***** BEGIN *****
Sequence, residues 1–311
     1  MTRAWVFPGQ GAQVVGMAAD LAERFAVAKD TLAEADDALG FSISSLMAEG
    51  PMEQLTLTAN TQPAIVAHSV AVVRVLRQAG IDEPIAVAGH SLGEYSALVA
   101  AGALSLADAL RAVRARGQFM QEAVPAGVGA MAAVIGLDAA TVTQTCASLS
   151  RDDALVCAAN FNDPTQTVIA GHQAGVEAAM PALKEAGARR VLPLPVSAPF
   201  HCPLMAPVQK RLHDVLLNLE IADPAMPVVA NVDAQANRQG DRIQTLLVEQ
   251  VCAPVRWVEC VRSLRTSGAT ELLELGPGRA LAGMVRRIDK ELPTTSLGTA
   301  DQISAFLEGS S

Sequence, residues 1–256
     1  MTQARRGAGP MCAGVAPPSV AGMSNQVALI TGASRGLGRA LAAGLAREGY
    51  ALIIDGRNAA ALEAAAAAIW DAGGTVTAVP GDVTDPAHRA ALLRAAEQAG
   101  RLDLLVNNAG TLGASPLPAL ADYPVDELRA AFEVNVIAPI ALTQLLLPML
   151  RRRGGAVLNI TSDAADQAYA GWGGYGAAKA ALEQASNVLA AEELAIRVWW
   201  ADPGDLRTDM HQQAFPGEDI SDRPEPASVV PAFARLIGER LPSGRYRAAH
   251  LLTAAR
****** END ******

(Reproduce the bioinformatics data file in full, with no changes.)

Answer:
Sequence, residues 1–311
     1  MTRAWVFPGQ GAQVVGMAAD LAERFAVAKD TLAEADDALG FSISSLMAEG
    51  PMEQLTLTAN TQPAIVAHSV AVVRVLRQAG IDEPIAVAGH SLGEYSALVA
   101  AGALSLADAL RAVRARGQFM QEAVPAGVGA MAAVIGLDAA TVTQTCASLS
   151  RDDALVCAAN FNDPTQTVIA GHQAGVEAAM PALKEAGARR VLPLPVSAPF
   201  HCPLMAPVQK RLHDVLLNLE IADPAMPVVA NVDAQANRQG DRIQTLLVEQ
   251  VCAPVRWVEC VRSLRTSGAT ELLELGPGRA LAGMVRRIDK ELPTTSLGTA
   301  DQISAFLEGS S

Sequence, residues 1–256
     1  MTQARRGAGP MCAGVAPPSV AGMSNQVALI TGASRGLGRA LAAGLAREGY
    51  ALIIDGRNAA ALEAAAAAIW DAGGTVTAVP GDVTDPAHRA ALLRAAEQAG
   101  RLDLLVNNAG TLGASPLPAL ADYPVDELRA AFEVNVIAPI ALTQLLLPML
   151  RRRGGAVLNI TSDAADQAYA GWGGYGAAKA ALEQASNVLA AEELAIRVWW
   201  ADPGDLRTDM HQQAFPGEDI SDRPEPASVV PAFARLIGER LPSGRYRAAH
   251  LLTAAR